The addendum heat capacity is dominated by the α-SiN calorimeter body. Contributions from the phonon and electron heat capacities of the heater, thermometer and leads are, by comparison, relatively small. FIG. 4 shows that the measured addendum heat capacity is significantly larger than the Debye phonon heat capacity of the calorimeter body itself (estimated to be ˜0.05 fJ/K). This extra heat capacity likely originates from defects, i.e., from tunneling motional states of the ions within the quasi-amorphous α-SiN layers. To estimate the contribution of the tunneling states to heat capacity, they were modeled as two level systems with a white spectrum of activation energies between 0<T<100 K. From such analysis it was concluded that a density of 1018 cm−3 of tunneling states would account for the extra heat capacity; this is similar to what has been observed in vitreous silica. The phonon mean free path deduced, using a simple diffusive transport picture, from the thermal conductance is 1ph≈0.2 μm. This short mean free path arises from the strong surface scattering of phonons and is consistent with previous thermal measurements upon nanoscale devices.
The calorimeter's resolution of heat capacity, ΔC, was evaluated by computing the uncertainty in the addendum measurement. Typically, at each temperature studied, ˜103 precisely-triggered measurements of the pulse-heating response were averaged. These provide average exponential rise and decay times, τR to obtain an average value of heat capacity (FIG. 2). This process was repeated ˜102 times to obtain a histogram for the addendum heat capacity. The distribution of measured values was assumed to be Gaussian, and a nonlinear least-squares fit was employed to extract the mean value of the heat capacity and its variance. The square root of the latter represents the measurement resolution, ΔC.
The high resolution of the calorimeter primarily originates from the small addendum heat capacity of the device. This, in turn, is largely a consequence of the small volume of the α-SiN calorimeter body. To maintain this small addendum below 2 K, it is important to minimize the electronic heat capacity in the heater, thermometer and leads. For this reason, submicron-scale transducers (heater and thermometer) were utilized to obtain very small transducer volumes, and superconducting electrical connections to these transducers were employed to preclude parasitic thermal coupling to the calorimeter body.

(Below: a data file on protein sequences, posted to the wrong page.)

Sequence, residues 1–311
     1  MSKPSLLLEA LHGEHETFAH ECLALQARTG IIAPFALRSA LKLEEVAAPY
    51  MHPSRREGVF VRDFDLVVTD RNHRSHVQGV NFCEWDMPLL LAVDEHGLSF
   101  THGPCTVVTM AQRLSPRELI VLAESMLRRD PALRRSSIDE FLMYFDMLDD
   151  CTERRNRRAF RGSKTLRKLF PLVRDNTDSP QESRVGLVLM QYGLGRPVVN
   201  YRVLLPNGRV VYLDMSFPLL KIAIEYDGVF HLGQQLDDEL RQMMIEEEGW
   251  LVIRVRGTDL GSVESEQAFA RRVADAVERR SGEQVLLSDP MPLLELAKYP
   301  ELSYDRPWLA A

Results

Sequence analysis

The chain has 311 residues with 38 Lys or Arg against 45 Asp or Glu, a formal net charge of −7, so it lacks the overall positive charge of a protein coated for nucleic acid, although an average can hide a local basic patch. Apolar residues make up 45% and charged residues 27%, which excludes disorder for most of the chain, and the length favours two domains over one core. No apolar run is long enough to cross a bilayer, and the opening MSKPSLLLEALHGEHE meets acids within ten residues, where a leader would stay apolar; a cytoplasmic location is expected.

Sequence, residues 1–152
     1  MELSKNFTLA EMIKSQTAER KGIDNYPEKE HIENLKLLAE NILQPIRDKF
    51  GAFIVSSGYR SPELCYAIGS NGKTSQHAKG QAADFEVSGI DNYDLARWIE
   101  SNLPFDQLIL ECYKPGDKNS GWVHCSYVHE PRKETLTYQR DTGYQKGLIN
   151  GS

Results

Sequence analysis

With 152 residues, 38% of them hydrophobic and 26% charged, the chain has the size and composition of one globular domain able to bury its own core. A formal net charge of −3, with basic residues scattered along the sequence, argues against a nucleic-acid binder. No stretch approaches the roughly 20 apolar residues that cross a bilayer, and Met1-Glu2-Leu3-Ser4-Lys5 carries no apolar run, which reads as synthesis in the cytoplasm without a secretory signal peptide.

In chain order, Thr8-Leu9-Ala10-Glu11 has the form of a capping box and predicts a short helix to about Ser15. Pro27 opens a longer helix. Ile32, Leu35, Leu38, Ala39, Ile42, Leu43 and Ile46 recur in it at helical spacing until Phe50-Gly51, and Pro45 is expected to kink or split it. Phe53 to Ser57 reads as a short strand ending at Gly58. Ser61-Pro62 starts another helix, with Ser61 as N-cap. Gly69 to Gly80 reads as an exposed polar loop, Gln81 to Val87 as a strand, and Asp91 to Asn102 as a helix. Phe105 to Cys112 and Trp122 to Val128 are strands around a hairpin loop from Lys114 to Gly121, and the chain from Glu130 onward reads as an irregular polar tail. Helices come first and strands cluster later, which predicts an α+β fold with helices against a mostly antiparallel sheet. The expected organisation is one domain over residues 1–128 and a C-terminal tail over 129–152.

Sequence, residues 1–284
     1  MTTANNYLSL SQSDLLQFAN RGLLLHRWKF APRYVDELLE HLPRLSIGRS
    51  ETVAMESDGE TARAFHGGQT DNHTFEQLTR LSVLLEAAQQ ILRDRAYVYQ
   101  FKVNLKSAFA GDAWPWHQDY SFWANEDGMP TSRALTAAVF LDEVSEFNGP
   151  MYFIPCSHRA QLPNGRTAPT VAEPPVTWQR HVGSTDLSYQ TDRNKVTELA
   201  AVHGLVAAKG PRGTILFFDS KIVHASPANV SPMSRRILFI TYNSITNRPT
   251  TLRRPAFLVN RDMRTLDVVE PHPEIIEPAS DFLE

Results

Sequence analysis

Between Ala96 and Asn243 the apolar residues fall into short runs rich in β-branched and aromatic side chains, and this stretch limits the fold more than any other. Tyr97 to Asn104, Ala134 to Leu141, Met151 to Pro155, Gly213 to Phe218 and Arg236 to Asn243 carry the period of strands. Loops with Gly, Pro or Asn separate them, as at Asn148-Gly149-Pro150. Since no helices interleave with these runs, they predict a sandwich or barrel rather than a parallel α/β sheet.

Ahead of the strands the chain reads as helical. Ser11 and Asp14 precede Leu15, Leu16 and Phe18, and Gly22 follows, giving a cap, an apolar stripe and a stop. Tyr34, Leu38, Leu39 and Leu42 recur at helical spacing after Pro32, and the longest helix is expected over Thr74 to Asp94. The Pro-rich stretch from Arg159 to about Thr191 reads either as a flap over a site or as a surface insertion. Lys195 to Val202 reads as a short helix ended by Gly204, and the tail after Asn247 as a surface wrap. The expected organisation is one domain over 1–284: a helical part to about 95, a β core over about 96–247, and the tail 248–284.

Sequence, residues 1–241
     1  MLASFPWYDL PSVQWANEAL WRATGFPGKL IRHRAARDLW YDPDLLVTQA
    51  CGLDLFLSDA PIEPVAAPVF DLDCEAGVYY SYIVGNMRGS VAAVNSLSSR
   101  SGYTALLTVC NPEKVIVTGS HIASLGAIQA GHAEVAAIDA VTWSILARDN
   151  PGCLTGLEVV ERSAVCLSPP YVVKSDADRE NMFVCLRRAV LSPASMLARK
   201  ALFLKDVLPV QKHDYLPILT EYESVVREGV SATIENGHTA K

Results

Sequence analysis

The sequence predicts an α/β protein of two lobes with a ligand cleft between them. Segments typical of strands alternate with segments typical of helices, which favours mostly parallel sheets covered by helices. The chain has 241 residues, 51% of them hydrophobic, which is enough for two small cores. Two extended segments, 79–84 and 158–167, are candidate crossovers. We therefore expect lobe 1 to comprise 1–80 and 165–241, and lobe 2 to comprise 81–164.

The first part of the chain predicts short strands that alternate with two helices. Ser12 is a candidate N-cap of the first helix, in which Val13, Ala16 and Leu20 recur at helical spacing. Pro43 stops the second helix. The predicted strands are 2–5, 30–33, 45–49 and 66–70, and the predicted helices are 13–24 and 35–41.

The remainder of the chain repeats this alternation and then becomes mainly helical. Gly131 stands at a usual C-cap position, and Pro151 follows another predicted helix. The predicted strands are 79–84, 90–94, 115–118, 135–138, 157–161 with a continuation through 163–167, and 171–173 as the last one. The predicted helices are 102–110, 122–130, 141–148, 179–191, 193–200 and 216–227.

The resolution of the calorimeter can be written as:
where SV is the effective spectral density of the voltage noise (from all sources, referred to transducer's output), ΔVth=(P/G)(∂R/∂T)Ith the (asymptotic) rms voltage signal from the thermometer in response to continuous application of heater power P, H(ω) the frequency response function defining the single-shot measurement bandwidth, N the number of repeated measurements, and Ith the thermometer sensing current. In this analysis it is assumed that H(ω) has an abrupt high-pass cutoff at fmin and thereafter follows a low-pass rolloff set by the thermal time constant, τ(T)˜G(T)/[2πC(T)]. In Eq. 1 terms that are explicitly temperature dependent are denoted; it should be noted, however, that implicit limitations to P and ITh arise from these explicit dependencies. Principal contributions to N arise from the transducer's Johnson and 1/f noise and readout amplifier noise. In these experiments the 1/f noise is predominant, and yields noise voltage (integrated across the measurement band from 0.1 Hz to 1 MHz) of ˜10 μV. Using Eq. 1 and values from a table for T˜2 K yields a predicted resolution of ΔC˜0.34 aJ/K for a measurement integration time of τ˜10 s (i.e., N=t/τ˜100,000), quite close to the sensitivity attained in the experiments. Optimum resolution is found at T˜2 K (FIG. 5, inset). Above 2 K resolution decreases with the increased addendum heat capacity. Below this temperature resolution becomes limited by the restricted thermometer probe current and degradation of thermometer sensitivity due to the electron heating.
To demonstrate operation of the calorimeter, the heat capacity of an adsorbed 4He film was measured. A coverage of ≈2 atoms/nm2 (˜0.16 monolayers) was accreted upon the calorimeter (A˜1200 μm2) by introducing a controlled pressure of helium gas to the evacuated, cooled cryostat. The heat capacity of the film was measured to be ˜3 fJ/K (FIG. 4), which corresponds to a heat capacity of 1.4 kB per helium atom. The adsorbed helium atoms evidently behave like a two dimensional ideal gas, similar to the case of He adsorbed on grafoil.
At temperatures above 7 K the electronic heat capacity and thermal conduction of normal metal leads are still relatively small. Moreover, strong electron-phonon coupling at higher temperatures will ensure all heat generated within the heater is transferred to the lattice. Hence, replacement of the Nb leads with ones patterned from normal metal (e.g., Au) should enable excellent performance at higher temperatures (e.g., from 5 K to room temperature). Further reduction in device size and use of material with a smaller heat capacity, such as SiC, for the calorimeter body may improve the device sensitivity by one to two orders of magnitude. In addition, for operation at lower temperatures (e.g., below 0.3 K), more exotic thermometry, such as SQUID-read-out noise thermometry and RF-SET-read-out superconducting tunneling junctions may desirably be employed.